Heartbleed Data Breach - 4/09/14

You may have seen or heard in the news this week about a security breach called the “Heartbleed” virus. Attackers are using the bug to obtain confidential information and intellectual property. Many websites rely on the technology affected, called “Open SSL.”

 

FFB Online Banking and Mobile Deposit do not use Open SSL, so your banking information is not affected by this virus. Your information through FFB online is secure.

 

We do recommend, however, that you continue to be vigilant about your online security through other sites and applications. Some of the websites that may be affected include Yahoo, Amazon and Paypal, among others. It is prudent to change your passwords and actively monitor for any suspicious activity. Being an educated consumer is one of the best ways you can guard against fraud.

 

More specific information can be found below.

http://bits.blogs.nytimes.com/2014/04/08/flaw-found-in-key-method-for-protecting-data-on-the-internet/

 

As always, thank you for allowing First Fidelity Bank to earn your trust and protect your assets. If there is anything we can do to help, please contact us.

 

 

Protect Your Identity: 

At First Fidelity Bank (FFB), the security of our clients’ information is of utmost importance.  We are strongly committed to the safety and confidentiality of your records.  Every day, individuals are developing new scams targeting the unsuspecting public.  One of the best ways to avoid fraud is to become an educated consumer. 

  • Watch out for copycat Web sites that deliberately use a name or Web address very similar to, but not the same as ffb.com.  The intent is to lure you into clicking through to their Web site and giving out your personal information, such as a bank account number, credit card number or Online Banking login information.

 

  • Always use your pre-established links to access Web sites and avoid clicking on links in unsolicited e-mails.  If you ever receive a suspicious e-mail representing itself as FFB, please forward the message in its entirety to reportfraud@ffb.com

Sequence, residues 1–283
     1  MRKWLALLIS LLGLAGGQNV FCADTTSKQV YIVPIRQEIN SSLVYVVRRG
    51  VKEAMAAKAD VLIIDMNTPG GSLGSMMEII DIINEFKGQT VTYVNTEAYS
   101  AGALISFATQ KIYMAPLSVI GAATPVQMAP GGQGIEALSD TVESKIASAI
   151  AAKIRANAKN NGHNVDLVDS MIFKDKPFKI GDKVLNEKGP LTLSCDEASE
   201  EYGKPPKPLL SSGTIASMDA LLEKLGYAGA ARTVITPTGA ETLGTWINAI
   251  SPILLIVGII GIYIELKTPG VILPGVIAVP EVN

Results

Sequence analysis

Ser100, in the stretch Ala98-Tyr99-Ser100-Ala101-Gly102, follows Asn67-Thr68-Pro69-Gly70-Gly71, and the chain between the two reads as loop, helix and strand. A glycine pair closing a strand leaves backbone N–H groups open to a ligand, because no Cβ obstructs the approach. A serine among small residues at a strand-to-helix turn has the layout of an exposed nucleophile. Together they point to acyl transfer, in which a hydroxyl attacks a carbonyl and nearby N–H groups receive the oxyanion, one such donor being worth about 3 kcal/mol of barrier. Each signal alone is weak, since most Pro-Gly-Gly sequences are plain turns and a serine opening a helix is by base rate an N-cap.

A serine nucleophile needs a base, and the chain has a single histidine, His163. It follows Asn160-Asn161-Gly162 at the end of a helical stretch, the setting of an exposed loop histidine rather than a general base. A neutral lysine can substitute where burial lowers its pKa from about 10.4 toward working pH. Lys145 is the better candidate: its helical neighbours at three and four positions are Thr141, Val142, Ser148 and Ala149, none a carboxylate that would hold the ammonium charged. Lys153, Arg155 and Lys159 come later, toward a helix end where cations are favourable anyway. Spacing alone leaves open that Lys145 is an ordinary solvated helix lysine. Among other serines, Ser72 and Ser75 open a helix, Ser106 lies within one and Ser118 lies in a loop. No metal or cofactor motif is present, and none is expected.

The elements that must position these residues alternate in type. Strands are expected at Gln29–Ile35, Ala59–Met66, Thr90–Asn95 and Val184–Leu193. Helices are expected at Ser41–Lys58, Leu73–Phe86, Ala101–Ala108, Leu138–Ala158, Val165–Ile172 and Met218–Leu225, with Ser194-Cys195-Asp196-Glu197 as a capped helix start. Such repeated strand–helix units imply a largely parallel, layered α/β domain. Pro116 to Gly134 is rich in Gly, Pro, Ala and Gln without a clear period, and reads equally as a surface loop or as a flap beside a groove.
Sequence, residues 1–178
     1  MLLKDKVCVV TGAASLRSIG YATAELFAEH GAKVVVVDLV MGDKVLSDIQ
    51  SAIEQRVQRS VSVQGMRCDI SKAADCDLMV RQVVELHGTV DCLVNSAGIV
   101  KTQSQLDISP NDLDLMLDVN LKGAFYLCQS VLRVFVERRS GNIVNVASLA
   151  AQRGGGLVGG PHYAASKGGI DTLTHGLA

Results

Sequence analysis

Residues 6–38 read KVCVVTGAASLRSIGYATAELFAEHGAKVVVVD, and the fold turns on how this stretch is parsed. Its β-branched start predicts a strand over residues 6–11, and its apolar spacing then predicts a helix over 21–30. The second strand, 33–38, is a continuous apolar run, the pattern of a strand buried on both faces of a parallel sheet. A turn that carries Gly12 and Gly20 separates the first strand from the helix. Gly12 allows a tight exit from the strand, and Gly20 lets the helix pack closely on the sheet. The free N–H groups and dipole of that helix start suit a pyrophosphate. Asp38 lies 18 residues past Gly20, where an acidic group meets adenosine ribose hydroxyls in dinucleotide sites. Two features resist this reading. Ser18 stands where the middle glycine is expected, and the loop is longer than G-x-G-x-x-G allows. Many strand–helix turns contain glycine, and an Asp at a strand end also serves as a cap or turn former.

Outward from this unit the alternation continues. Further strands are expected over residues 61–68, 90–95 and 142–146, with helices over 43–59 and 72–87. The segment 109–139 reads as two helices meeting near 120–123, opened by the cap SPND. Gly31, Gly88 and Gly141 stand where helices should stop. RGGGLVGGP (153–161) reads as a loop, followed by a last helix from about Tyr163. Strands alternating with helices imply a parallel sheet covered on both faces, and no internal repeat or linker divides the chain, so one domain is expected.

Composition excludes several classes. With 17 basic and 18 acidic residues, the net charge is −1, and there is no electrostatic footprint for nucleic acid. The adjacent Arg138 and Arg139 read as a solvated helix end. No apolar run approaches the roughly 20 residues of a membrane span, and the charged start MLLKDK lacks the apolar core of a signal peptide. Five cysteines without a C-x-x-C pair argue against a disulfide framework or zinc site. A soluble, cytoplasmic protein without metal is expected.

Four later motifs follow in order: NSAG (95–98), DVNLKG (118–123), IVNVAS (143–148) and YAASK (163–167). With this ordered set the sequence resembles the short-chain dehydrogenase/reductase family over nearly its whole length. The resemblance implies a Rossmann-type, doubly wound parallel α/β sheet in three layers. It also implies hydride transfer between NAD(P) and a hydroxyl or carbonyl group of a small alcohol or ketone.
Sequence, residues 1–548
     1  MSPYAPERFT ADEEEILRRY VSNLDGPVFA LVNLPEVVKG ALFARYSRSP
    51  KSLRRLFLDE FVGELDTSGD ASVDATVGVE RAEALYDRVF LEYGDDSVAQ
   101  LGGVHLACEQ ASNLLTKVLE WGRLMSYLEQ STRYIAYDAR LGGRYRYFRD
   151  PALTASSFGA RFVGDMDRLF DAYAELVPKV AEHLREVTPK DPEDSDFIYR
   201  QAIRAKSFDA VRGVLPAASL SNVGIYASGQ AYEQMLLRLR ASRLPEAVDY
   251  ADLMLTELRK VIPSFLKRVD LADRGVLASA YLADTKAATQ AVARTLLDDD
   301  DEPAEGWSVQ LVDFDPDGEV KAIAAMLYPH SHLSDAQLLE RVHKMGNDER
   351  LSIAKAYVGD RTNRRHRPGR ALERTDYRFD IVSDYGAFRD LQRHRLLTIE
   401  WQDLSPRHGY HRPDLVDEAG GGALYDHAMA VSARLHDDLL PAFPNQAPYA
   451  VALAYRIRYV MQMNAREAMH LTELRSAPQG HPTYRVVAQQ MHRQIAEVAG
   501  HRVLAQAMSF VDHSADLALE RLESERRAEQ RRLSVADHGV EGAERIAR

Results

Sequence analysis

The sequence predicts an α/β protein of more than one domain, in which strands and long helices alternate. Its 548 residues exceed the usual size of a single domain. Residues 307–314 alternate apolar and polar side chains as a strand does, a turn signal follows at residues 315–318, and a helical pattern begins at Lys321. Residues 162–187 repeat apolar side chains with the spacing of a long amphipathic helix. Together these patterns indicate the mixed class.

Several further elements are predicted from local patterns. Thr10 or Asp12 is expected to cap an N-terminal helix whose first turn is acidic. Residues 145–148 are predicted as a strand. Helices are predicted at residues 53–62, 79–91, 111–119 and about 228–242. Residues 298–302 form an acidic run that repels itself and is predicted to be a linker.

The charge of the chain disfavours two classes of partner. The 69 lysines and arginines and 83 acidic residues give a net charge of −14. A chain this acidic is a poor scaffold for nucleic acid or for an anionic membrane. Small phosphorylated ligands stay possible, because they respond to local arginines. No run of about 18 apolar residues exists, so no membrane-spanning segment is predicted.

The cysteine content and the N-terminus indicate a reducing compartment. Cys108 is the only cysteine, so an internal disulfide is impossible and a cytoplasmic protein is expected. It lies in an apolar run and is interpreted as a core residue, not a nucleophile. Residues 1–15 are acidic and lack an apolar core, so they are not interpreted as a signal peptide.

• Ensure that your own personal computer has updated anti-virus and firewall protections.  Apply security patches for all of your programs and operating systems regularly. 

 

  • Passwords should be unique to you and changed regularly.  Do not use birthdays or other numbers or words that may be easy for others to guess.  Never write down your password or give it to another person.

 

  • Monitor your account activity frequently using Online Banking and our Mobile Banking app.  

 

  • Sign up for eStatements to avoid having your paper statement sitting in an unsecure mailbox where it could be compromised.

 

We will never ask for or email you requesting your online banking password.  We may on occasion call to verify other information regarding your online activity should we see something of concern in your login patterns. If you plan to travel and use your debit card, we suggest that you call us in advance to avoid your account being temporarily disabled for security purposes.

 

In case of errors or questions about your electronic transfers, call or write us at the telephone number or address listed, as soon as you can, if you think your statement or receipt is wrong or if you need more information about a transfer listed on the statement or receipt.

 

For personal accounts, limitations on your liability for unauthorized electronic funds transfers and other electronic errors that are covered by Regulation E are explained in the EFT Disclosure Statement that was received when your account was opened and when signing up for online banking.

 

We encourage you to review our Security & Privacy link which can be found on the home page on http://www.ffb.com/. If at any time you have questions regarding security or possible fraud, please contact our customer service representatives at (405) 416-2222 in Oklahoma City, 918-728-6345 in Tulsa, 602-912-5555 in Arizona, (800)299-7047 nationwide or via e-mail at reportfraud@ffb.com